Little evidence of diversity as white actors dominate categories
Only five of the 20 acting nominations are for people from minority backgrounds.
White actors dominate the main categories in this year’s Oscars, despite efforts by the event’s organisers to encourage more diversity among the nominations.
The only black actors to receive a nod are Mahershala Ali, for supporting actor in Green Book, and Regina King, who is nominated in the supporting actress category for If Beale Street Could Talk.
Two stars of the Mexican film Roma are nominated: Yalitza Aparicio for best actress and Marina de Tavira for best supporting actress.
Egyptian-American actor Rami Malek also gets a nod in the best actor category for Bohemian Rhapsody.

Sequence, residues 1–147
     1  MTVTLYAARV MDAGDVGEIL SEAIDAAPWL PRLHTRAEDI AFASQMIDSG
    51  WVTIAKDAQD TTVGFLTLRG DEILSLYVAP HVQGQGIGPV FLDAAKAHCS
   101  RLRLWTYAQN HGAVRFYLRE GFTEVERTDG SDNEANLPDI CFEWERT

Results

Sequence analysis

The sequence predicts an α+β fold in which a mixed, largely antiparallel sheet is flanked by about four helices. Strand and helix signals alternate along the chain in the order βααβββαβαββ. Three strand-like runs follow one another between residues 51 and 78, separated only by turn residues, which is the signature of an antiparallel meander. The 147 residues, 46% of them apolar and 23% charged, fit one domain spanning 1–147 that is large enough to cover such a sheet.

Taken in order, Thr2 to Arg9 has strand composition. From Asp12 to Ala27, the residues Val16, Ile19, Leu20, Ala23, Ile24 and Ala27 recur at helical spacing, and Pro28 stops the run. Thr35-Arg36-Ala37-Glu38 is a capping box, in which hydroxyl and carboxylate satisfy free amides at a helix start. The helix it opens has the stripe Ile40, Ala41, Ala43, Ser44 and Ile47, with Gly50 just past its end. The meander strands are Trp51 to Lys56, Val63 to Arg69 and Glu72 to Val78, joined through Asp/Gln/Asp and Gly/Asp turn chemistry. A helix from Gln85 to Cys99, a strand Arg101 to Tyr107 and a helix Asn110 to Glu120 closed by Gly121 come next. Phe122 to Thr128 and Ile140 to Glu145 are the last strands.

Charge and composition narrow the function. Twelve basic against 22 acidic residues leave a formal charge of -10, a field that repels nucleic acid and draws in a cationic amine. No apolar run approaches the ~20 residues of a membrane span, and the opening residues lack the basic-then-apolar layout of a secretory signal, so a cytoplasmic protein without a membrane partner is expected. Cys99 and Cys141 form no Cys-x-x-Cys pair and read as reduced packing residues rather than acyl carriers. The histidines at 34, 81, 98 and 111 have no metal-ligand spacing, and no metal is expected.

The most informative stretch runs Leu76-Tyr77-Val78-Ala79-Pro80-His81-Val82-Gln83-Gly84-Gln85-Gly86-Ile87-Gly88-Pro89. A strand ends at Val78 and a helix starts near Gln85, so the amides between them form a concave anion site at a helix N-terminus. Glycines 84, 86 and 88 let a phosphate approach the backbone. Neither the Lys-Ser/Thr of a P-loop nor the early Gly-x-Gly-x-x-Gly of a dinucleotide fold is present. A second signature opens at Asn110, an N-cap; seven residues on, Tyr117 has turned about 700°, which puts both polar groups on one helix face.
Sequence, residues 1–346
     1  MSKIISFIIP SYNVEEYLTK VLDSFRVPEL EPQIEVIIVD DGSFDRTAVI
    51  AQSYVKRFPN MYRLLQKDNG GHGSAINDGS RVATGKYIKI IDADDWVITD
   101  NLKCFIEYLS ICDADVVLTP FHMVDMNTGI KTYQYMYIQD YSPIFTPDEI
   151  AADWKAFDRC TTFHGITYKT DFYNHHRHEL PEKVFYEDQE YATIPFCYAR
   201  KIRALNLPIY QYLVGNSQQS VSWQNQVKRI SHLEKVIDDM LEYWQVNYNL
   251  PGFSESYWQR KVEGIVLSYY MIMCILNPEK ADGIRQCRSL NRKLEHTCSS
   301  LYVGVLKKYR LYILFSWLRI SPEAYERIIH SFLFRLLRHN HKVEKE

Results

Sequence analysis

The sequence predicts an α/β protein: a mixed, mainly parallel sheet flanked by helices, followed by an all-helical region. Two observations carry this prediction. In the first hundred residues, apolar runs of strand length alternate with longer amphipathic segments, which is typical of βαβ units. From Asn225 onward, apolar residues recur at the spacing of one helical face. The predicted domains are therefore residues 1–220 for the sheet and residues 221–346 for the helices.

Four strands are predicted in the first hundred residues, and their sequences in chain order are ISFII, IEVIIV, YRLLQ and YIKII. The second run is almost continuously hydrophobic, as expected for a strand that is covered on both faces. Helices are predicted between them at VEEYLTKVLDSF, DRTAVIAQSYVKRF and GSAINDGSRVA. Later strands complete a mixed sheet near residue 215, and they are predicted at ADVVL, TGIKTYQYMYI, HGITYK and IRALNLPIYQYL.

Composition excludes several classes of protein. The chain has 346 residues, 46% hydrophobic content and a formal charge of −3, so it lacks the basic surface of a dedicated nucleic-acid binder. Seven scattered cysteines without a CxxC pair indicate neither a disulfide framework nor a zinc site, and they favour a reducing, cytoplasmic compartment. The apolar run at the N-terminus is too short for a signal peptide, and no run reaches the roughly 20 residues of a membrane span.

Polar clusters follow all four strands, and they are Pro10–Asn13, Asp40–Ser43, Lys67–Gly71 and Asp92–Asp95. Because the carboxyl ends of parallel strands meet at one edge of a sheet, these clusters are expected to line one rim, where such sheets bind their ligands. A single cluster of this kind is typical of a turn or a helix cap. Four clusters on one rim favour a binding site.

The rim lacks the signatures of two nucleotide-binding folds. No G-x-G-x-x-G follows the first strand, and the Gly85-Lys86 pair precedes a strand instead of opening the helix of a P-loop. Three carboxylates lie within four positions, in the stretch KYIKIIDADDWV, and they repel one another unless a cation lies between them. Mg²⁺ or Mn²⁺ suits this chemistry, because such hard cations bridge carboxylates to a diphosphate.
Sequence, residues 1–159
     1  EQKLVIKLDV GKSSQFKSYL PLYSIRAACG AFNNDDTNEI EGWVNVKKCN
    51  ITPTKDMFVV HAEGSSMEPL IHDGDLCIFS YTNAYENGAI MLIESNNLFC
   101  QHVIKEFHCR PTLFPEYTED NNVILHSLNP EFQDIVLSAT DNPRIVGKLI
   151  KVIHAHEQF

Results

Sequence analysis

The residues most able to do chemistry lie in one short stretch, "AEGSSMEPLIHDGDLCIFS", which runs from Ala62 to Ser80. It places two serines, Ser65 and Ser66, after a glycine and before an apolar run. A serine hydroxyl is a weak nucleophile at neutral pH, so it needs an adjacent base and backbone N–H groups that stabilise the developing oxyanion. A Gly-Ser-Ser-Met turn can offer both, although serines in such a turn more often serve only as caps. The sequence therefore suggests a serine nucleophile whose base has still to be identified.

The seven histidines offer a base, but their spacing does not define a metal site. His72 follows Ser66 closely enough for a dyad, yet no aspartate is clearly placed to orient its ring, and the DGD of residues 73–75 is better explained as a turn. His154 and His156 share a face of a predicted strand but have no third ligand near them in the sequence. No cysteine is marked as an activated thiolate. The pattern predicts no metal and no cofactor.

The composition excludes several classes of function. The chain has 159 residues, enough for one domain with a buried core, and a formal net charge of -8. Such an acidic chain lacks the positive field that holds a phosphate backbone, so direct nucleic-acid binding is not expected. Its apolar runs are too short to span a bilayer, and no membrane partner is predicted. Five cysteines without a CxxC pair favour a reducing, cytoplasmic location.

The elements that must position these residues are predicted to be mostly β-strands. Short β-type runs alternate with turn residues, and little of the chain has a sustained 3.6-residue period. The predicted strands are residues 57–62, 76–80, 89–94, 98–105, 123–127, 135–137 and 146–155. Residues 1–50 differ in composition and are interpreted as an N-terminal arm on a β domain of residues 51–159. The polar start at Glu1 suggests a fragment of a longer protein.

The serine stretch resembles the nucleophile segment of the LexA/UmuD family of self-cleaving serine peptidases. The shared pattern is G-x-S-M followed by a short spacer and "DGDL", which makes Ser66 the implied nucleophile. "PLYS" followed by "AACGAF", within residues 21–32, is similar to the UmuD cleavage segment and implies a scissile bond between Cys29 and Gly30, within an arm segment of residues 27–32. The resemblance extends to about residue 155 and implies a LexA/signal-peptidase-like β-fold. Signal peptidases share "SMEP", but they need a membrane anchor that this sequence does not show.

The Academy of Motion Picture Arts and Sciences, whose members vote for the nominations, has recently made changes to its membership to improve gender and ethnic representation.
But while this year’s list is an improvement on 2015 and 2016, when every single person nominated in an acting category was white, it is down slightly on 2017 when a total of seven acting nominees came from minority backgrounds.
There has been only one non-white winner of best actress in the history of the Oscars: Halle Berry for Monster’s Ball in 2002.
Elsewhere, Spike Lee becomes only the sixth black filmmaker in history to be nominated for best director.
The first was in 1992, 63 years since the Academy Awards began, when John Singleton received a nomination for Boyz N The Hood.
It was then another 18 years before a second black director was similarly recognised, when Lee Daniels was nominated in 2010 for Precious.
Recent years have seen Steve McQueen, Barry Jenkins and Jordan Peele pick up nominations, for 12 Years A Slave (2014), Moonlight (2017) and Get Out (2018) respectively.
Spike Lee has been nominated this year for BlacKkKlansman – the first time the veteran filmmaker has been recognised in the best director category.